Few underground bands have created as much international buzz as Montreal-based trio (and more recently, quartet) Half Moon Run. At SXSW 2013, the band was placed on the "Top Bands To See" list, and their eye-catching performances at Glastonbury festivals created a stir amongst the indie-rock community. Extremely persistent touring has brought much light to HMR's debut studio album Dark Eyes
. The group is currently in the process of completing an 18-month international tour, opening for bands the likes of Mumford and Sons and Of Monsters and Men. And although their album came out way back in March, the U.S. release was held til July 23rd. Half Moon Run's first album displays incredible talent and a unique sound that seems to guarantee a bright future.
The first thing that jumps out on the album is the beautifully gentle voice of singer Devon Portielje as well as the fantastic arrangement of harmonies supplied by Conner Molander and Dylan Phillips. Perhaps the most impressive detail in Half Moon Run's recording and arrangements is that no single band member is limited to one duty. While Portielje holds the responsibility of lead vocals, all three members play part in the singing. In terms of instrumentation, each member features the ability to play at least two instruments depending on the requirements of a given song (Portielje often plays drums to accompany his vocals). There is certainly something to be said about a trio that can create a sound as multifaceted as Dark Eyes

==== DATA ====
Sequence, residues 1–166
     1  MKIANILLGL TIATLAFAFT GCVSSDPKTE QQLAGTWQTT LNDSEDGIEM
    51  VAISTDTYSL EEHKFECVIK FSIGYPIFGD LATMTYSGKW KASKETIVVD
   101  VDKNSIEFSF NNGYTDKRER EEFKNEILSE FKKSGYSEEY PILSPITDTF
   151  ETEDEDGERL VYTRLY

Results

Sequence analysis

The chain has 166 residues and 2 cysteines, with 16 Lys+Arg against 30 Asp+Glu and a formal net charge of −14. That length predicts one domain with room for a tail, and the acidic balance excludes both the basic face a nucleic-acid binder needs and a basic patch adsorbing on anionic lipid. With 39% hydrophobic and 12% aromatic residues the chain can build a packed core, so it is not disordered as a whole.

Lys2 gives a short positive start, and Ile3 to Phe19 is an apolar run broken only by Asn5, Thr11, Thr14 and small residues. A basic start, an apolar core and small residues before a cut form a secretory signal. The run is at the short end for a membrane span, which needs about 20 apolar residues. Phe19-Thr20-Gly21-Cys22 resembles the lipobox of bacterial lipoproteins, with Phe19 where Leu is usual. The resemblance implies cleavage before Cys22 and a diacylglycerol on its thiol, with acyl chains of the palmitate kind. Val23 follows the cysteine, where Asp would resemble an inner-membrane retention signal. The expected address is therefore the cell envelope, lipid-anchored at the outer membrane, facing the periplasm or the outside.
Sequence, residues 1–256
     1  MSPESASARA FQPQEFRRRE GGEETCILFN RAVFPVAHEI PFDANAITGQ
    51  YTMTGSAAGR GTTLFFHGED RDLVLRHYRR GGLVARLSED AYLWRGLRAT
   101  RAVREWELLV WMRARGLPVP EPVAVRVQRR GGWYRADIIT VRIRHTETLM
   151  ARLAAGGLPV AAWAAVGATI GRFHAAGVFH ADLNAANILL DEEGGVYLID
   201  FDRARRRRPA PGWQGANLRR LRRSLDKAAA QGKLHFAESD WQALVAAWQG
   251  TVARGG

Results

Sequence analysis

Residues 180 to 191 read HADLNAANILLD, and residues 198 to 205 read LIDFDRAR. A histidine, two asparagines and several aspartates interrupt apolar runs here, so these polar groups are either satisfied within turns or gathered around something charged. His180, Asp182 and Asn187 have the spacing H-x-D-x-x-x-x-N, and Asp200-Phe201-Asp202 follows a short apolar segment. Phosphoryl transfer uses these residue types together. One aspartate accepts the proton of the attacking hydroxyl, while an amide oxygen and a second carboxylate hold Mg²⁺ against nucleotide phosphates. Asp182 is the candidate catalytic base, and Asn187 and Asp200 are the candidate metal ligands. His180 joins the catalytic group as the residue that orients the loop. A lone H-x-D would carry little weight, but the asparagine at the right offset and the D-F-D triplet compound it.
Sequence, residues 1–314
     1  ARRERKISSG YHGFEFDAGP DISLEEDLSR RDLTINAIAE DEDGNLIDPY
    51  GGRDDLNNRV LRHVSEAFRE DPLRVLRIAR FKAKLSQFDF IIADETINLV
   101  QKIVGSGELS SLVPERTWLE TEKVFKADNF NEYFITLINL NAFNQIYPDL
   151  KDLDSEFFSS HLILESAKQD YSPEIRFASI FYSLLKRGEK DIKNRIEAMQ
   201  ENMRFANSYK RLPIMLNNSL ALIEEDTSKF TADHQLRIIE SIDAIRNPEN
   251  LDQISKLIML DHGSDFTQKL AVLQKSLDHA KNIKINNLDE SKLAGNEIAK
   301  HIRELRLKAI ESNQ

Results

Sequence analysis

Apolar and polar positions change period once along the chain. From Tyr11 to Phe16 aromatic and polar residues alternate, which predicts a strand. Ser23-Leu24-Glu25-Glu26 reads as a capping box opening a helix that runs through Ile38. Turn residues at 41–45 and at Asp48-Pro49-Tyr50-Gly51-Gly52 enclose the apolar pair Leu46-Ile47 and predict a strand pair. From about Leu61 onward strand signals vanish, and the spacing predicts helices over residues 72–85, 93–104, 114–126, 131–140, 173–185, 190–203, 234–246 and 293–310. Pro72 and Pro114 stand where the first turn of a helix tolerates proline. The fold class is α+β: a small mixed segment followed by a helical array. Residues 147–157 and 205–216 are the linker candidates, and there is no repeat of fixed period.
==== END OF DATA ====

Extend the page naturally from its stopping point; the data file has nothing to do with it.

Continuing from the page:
. In the album's second track, "Call Me In The Afternoon", it sounds, at moments, as if there are about six people contributing to the sound: a compliment that speaks to the band's raw talent as musicians.
Contrary to touring mates Mumford and Monsters, HMR has an astoundingly dark sound. But while it is dark, there are brief moments of hopefulness, largely thanks to Portielje's angelic voice and gorgeous harmonies in a chorus filled with deep content. "Need It" perfectly exemplifies this. The chorus "If you breathe in / I'll breathe in / And slowly let go" is harmonized to sound so beautifully somber that it is simultaneously solemn and uplifting. Likewise on the album's first track, "Full Circle". Dark Eyes
surely isn't an album that will leave you feeling like a child on Christmas morning (especially in the funeral-sounding "No More Losing The War"), but the Canadians make it work in a unique way.
In terms of HMR's direction, their lack of a poppy sing-along type of track leaves doubt as to whether they will break into the ears mainstream radio consumers. However, there have been bands in the past that have found success with this type of deep, dark sound. The influence that English rock band Radiohead has had on the three Montreal natives seems too obvious to go unmentioned. Not only is Portielje's voice reminiscent of Thom Yorke's, but many lines can be drawn between the song structure and instrumentation of the two bands. The tracks "Give Up" and "21 Gun Salute" sound like they could have come right off of Hail To The Thief
. Looking back at the successes of Thom Yorke and company, any correlation found in Dark Eyes
should be considered beneficial. While Half Moon Run may have surfaced quietly in March, their road may already be paved.
is out now on Glassnote Records. Get your copy here